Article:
"Mamma Roma" opens at a rural wedding celebration as the title character leads three pigs into a party at which the guests sit like the participants at the Last Supper. Mamma Roma (Anna Magnani) proceeds to sing several, mostly scatological, songs.
Within three minutes, "Mamma Roma's" director, Pier Paolo Pasolini, deals body blows to Italy, to the Church and to modern society. Mamma Ro' calls the pigs "I fratelli" (the title of Italy's national anthem), and she reveals that the bridegroom, Carmine (Franco Citti), is her former pimp.
This remarkable 1962 film, which opens at the Charles today for a one-week run, was Pasolini's second feature, and it has only now been released for theatrical distribution in the United States. Pasolini, who was murdered under mysterious circumstances in 1975 at the age of 53, was one of Italy's most important filmmakers, poets and novelists. He was also a controversial social critic, whose denunciations of the evils and hypocrisy of government, capitalist society and the Roman Catholic Church rang out with Old Testament fervor.
In its ideology and texture, "Mamma Roma" is filled with the director's twin obsessions -- Marxism and Catholicism. Pasolini may have called himself an atheist, but his relationship to Catholicism is not so much that of a heretic as a blasphemer. Like many of his later, better-known films ("The Gospel According to St. Matthew," "Hawks and Sparrows" and "Teorema"), "Mamma Roma" searches for justice in a universe in which God's absence is not so much a matter of His non-existence as of His distance.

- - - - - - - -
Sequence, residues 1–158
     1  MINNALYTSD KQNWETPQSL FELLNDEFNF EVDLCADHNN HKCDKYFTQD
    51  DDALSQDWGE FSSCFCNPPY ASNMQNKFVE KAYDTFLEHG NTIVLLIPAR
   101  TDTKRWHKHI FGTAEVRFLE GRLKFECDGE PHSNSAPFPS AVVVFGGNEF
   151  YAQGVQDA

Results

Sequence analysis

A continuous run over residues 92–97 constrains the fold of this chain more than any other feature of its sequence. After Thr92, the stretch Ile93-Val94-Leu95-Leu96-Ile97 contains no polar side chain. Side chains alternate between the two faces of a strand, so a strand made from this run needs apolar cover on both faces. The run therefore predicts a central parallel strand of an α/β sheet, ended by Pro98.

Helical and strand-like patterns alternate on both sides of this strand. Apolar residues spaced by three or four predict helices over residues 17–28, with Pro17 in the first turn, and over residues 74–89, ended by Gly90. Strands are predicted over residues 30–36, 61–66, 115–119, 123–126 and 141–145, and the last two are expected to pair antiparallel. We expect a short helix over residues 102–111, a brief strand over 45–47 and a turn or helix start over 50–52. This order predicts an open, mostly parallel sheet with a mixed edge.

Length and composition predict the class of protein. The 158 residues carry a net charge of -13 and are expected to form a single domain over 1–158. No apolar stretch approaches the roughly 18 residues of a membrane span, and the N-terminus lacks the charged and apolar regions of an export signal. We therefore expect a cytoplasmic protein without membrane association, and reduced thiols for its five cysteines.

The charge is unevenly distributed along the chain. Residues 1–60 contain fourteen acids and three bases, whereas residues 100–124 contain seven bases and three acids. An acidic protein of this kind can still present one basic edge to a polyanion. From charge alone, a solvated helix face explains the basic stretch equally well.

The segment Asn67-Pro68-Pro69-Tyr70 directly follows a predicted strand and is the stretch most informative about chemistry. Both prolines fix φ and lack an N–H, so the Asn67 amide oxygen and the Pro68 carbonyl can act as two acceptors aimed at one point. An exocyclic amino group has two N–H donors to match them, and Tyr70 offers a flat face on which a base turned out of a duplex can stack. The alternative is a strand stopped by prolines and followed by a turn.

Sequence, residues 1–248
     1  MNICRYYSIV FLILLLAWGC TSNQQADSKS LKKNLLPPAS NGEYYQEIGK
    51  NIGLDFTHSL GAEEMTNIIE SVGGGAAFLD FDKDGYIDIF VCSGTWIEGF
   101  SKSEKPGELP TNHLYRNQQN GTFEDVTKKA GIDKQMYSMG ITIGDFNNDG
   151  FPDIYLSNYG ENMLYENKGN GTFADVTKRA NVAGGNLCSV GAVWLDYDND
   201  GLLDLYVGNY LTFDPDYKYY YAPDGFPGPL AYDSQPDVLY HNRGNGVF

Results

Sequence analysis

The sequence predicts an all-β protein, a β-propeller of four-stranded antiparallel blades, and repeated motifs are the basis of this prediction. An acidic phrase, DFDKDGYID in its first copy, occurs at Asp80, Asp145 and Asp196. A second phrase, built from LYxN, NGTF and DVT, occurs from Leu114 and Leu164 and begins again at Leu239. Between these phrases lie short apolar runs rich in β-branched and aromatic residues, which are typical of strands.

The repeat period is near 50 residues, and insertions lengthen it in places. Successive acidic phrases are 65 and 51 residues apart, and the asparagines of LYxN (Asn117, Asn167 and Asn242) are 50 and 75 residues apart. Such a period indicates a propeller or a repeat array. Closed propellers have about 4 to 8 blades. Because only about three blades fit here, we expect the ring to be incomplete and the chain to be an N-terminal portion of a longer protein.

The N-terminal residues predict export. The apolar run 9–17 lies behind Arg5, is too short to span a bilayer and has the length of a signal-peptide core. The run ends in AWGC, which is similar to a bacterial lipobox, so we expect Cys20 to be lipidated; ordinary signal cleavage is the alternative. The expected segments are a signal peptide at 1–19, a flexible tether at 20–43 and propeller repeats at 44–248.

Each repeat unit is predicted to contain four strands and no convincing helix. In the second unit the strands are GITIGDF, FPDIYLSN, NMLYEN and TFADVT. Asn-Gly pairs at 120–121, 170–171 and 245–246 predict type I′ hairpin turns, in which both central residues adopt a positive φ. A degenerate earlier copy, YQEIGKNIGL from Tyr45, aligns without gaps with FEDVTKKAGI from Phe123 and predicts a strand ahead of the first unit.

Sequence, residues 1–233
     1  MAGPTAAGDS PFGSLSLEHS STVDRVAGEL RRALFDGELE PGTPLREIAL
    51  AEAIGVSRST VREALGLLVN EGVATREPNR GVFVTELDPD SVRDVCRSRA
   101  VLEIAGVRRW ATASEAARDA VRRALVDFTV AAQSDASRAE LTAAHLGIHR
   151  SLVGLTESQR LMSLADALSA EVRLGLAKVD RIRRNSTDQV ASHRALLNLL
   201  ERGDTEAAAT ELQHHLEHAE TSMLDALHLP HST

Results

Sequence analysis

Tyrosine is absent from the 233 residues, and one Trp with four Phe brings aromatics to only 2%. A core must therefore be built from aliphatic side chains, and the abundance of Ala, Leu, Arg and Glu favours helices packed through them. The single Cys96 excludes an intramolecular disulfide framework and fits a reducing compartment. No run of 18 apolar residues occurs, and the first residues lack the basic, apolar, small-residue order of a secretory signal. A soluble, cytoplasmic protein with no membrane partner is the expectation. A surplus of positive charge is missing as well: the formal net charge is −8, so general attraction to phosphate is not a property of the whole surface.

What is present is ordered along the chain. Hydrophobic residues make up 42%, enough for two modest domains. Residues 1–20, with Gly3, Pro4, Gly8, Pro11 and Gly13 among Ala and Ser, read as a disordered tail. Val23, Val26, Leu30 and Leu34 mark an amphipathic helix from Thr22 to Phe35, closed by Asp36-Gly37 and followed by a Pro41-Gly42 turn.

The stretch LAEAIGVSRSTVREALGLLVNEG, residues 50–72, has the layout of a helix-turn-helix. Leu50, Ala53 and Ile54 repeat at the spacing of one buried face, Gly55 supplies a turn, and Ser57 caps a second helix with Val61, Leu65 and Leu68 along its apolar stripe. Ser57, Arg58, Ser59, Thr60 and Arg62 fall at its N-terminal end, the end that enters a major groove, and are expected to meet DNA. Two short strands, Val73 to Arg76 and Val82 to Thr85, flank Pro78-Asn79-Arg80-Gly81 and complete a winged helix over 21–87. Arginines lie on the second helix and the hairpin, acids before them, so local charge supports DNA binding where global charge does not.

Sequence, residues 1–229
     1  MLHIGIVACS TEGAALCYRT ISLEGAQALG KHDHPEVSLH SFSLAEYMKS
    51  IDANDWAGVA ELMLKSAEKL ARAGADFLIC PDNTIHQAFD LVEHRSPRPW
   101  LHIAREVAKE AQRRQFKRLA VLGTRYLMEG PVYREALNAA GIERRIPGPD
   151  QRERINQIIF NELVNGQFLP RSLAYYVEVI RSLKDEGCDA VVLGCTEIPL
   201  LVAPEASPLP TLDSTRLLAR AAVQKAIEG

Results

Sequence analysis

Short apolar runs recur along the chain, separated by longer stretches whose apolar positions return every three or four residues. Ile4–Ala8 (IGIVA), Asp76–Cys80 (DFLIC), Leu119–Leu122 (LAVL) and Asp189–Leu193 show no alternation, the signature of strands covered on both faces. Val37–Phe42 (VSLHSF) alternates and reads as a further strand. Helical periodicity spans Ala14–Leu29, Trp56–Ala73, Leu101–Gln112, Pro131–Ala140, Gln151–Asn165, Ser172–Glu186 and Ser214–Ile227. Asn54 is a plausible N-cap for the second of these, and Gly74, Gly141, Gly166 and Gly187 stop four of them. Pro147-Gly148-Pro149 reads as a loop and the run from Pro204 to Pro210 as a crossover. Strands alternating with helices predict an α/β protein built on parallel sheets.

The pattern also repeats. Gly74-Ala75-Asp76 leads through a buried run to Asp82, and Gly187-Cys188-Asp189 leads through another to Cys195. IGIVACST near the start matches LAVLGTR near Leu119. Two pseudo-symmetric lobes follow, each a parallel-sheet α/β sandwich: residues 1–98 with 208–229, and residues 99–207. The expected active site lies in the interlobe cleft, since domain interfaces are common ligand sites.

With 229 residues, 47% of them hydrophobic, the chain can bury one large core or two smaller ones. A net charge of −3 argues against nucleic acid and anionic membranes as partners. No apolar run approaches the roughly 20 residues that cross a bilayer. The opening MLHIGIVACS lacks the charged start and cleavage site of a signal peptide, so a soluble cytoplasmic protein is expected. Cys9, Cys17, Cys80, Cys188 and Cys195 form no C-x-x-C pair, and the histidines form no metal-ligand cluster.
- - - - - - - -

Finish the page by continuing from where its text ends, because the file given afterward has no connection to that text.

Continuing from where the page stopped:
The meat of the film concerns Mamma Roma's heroic efforts to lead a straight life and to protect her teen-age son, Ettore, whom she sent to the country when he was a child, from the evils of poverty and the temptations of the street. She becomes a fruit-and-vegetable vendor, saving enough to move herself and her son into a lower-middle-class housing project and to buy him a motorcycle.
But Ettore (Ettore Garofolo) becomes involved with a bad crowd and with a compliant older girl. Mamma Roma first asks a local priest for help. But he tells her that because the boy is illiterate he can never expect to become more than a manual laborer. With the help of Biancofiore, a prostitute friend, she blackmails a restaurant owner into giving Ettore a job as a waiter. As she and Biancofiore watch Ettore on his first night on the job, Mamma Roma cries for joy.
That joy is short-lived. Carmine, her former pimp, returns and forces her back to her old life. Ettore quits his job and relapses into delinquency. As Mamma Roma walks the streets, she looks at the distant stars and exclaims, "Why is it that I am a nothing and that you are the King of Kings!"
Pasolini's verbal skills are more than matched by visual ones. He always had a knack for making the faces of his impoverished subjects look like angels in a canvas by Caravaggio. Before one realizes it, he has created an atmosphere in which it is impossible to watch Mamma Roma and Ettore without thinking, even if unconsciously, of Madonna and Child.
The film's climax is a superbly Dante-esque transmogrification of the Passion. Its even more brilliant coda -- as Mamma Roma looks across the urban blight of the suburbs toward the distant, domed grandeur of the ancient city -- tells us that Rome, once famous for her kings and popes, is now mother only to beggars, thieves and pimps.
Directed by Pier Paolo Pasolini
Starring Anna Magnani, Ettore Garofolo and Franco Citti
Released by Milestone Film